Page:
Well, that move was well rewarded. In some ways, the resultant affects while under my tubed (including rectification) preamp were even more compelling. All of the above-mentioned attributes carried through, albeit to somewhat differing degrees. What was immediately most compelling, once again, was the profound and utter calm from which all music now emanated.
With this positioning, all sources now enjoyed a heightened degree of broadband musical clarity, sparkling timbral truthfulness, enhanced resolve, pinpoint focus, as well as the most realistic and honest sized instrumental voices I've ever experienced from my system, and that has long been one of its strong suits. Music now flowed in an unimpeded, continuous, undeniably natural stream, more effortlessly than I've ever experienced from my system prior to their insertion.
The bloom of wooden instrumental bodies, from double bass to violin to acoustic guitar to grand piano, was much more compelling and apparent. That unmistakable "rasp" of the catgut of a bow exciting a string into motion was visceral, recording permitting. Further, the rhythmic components of the musical gestalt were somehow significantly facilitated, revealing previously undiscovered drive, released in a more unfettered and compelling manner.
Everything, from complex, driving arrangements to simple solo instrumentals, was now presented with a newfound degree of bloom, clarity, focus, and rhythmic coherence that was intoxicating. My already very engaging and musical system had taken a pronounced and stirring step closer to the musical reality that I've invested all this time and money chasing. Yeah, I'm impressed.
Take a Pebble
What settled on me after only a short time living with these remarkable devices is that they don't contribute or impart anything to the music. Their insertion is relevant not because they inject or impart a pleasant "seasoning" upon or to the musical flavor. Their contribution to the music seems to be a wholly subtractive process.
While that may seem an almost obvious conclusion on the surface, my experiences have proven that it is not the case with all such devices. Many lesser devices, while offering some degree of decreased harmonic interaction, may only have a significant clarifying effect on a particular bandwidth; worse, some can introduce their own form of sympathetic vibratory artifacts. While they clearly offer a noticeable change in the musical voice of the device to which they are applied, it is not necessarily a significantly more correct sonic result. In effect, the change some of these devices afford may be a result of a different combination of resonances, simply a product of merely shifting the affected bands to a different range, or worse, combining their own influences with those of the device in question.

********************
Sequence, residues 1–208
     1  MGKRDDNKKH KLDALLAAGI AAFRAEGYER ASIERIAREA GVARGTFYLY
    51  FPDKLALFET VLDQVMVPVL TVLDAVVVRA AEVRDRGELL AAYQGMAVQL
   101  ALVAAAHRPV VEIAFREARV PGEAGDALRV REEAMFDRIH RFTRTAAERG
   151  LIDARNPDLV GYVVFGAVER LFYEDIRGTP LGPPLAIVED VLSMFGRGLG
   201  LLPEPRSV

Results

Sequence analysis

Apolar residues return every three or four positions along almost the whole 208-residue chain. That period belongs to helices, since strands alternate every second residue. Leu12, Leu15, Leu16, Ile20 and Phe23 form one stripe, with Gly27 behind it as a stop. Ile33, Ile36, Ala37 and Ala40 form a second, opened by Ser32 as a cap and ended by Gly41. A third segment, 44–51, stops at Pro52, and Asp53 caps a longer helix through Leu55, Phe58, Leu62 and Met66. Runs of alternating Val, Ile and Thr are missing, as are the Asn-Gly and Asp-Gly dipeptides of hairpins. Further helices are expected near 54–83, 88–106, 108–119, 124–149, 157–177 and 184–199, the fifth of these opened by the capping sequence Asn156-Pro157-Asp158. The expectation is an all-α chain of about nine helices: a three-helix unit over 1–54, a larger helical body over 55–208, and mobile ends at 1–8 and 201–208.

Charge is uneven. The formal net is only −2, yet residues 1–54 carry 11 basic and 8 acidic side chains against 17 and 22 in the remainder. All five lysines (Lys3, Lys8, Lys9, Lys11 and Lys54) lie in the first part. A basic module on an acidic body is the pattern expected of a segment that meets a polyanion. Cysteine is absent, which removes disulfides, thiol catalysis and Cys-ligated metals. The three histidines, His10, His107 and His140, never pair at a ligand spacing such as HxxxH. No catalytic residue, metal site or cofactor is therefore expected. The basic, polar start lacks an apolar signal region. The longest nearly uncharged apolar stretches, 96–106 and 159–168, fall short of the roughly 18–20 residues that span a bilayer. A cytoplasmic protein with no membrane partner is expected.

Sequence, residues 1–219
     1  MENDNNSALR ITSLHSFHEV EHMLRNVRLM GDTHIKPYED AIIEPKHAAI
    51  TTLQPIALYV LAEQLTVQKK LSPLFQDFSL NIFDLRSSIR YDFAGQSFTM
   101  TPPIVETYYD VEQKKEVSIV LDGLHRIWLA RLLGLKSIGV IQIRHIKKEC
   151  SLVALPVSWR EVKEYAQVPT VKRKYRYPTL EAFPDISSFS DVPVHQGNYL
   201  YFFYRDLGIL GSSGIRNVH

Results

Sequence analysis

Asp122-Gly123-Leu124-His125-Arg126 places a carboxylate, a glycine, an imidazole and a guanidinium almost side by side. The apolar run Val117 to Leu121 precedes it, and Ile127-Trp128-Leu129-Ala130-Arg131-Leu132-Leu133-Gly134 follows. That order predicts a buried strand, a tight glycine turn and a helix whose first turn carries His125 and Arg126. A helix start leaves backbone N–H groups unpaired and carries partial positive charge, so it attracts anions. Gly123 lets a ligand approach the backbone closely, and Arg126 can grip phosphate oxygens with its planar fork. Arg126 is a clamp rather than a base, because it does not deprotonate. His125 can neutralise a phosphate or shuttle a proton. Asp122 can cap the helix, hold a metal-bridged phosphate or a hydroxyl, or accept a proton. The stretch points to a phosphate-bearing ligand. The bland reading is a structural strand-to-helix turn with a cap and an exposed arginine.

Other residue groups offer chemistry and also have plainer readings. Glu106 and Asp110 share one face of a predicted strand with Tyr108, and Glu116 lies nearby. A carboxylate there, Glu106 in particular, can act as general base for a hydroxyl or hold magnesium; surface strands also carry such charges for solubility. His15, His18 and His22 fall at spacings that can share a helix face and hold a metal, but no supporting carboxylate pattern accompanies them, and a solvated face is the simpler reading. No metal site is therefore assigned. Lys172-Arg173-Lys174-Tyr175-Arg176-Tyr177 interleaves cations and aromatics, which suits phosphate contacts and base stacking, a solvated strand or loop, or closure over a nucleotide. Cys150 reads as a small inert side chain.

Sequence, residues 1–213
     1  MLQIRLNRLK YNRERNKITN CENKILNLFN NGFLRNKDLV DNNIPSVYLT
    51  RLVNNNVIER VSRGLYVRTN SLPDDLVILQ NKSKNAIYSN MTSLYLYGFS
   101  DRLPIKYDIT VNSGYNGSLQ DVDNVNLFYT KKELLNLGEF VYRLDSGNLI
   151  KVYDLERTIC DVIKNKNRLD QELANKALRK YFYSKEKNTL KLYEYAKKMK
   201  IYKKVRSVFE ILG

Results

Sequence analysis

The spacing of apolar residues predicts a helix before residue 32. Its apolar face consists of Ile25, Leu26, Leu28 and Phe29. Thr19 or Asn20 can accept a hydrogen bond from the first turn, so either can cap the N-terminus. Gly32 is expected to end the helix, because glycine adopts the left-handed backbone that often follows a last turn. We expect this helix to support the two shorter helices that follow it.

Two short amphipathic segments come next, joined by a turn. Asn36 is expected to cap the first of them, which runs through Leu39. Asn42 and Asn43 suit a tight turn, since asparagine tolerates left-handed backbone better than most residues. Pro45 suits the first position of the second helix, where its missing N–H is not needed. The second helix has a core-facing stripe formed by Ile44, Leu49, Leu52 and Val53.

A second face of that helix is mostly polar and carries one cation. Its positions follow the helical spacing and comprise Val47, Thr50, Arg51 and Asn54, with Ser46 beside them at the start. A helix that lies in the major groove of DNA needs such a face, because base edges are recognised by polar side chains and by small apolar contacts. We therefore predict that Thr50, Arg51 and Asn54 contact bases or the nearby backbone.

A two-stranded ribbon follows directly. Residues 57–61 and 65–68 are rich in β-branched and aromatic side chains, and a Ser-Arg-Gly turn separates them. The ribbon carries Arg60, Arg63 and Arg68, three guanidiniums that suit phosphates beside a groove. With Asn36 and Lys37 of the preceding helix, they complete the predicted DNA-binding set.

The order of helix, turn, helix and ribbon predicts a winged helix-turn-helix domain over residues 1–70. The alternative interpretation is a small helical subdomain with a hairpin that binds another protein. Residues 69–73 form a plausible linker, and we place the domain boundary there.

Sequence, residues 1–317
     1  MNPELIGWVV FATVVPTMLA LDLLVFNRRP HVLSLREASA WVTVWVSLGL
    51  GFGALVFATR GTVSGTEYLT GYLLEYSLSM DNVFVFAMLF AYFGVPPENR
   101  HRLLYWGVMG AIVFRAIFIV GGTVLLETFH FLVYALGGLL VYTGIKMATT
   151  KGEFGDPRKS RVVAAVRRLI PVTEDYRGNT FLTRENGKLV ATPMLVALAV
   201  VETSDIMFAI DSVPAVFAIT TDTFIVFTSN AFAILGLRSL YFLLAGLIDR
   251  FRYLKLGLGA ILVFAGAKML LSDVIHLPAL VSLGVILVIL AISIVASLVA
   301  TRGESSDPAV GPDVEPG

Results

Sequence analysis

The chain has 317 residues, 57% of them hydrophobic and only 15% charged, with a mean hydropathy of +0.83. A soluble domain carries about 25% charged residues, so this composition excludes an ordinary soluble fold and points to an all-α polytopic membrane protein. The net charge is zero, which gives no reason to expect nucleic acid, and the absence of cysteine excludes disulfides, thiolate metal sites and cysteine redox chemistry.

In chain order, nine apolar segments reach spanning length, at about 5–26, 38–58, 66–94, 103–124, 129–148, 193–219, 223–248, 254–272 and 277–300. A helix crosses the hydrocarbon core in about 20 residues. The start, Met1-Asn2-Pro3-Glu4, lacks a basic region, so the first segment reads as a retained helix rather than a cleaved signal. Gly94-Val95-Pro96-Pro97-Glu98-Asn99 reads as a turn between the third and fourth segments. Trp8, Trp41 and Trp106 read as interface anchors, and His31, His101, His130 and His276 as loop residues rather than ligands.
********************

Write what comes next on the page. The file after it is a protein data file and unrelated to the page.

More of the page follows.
The QPods seem to work as closely to the fabled mechanical diode as any such device I've yet heard; they appear to be a one-way bridge draining unwanted internal vibrations from the isolated device, yet effectively preventing the reintroduction of external vibrations from crossing that bridge back into the isolated device.
Don't think of QPods as a magical band-aide to whisk away all the flaws and problems that may be rampant in an ill-conceived or haphazardly assembled system. They were not created to fix all your sonic woes.
What they offer is a way to refine and enhance an already well thought out and synergistic music (or video?) system by stripping away mechanically induced darkness, coloration, exaggeration, harmonics, and resonances. They are analogous to a mechanical magic wand that meticulously extracts vibrational and harmonic artifacts that slur, compound, or distort musical timber; artifacts that, left unaddressed, combine with the fundamental truths your system works so hard to accurately regenerate, conspiring to hide the musical truth, to camouflage the music, and to contaminate its clarity, drive, and naturalness.
To paraphrase the inimitable Bob Zimmerman, "The times, they sure have changed." From humble beginnings, heralded by gentleman genius Steve McCormack's unassuming but effective devices fabricated from a monolithic material shaped in a simple geometric solid shape, Magico's QPods have advanced the art by utilizing constrained layering of a number of remarkably engineered products applied in a variety of complex and compound shapes.
In the QPods, Magico has given the world an exceptionally well-designed device that offers that final "nudge" to an already fine system. They are extremely well conceived, meticulously engineered and executed, and unrelentingly effective. The last single item I added to my system that wrought such a wholesale and advantageous clarifying effect was the remarkable Audience adeptResponse 12-TS, a device that sells for over $8000. If you have a system that seems to be just on the brink of awe-inspiring, I strongly recommend the Magico™ QPods and their transforming performance. I've asked Irv and Alon to send me an invoice! Greg Weaver
Retail: 3-pack - $1,310, 4-pack - $1,680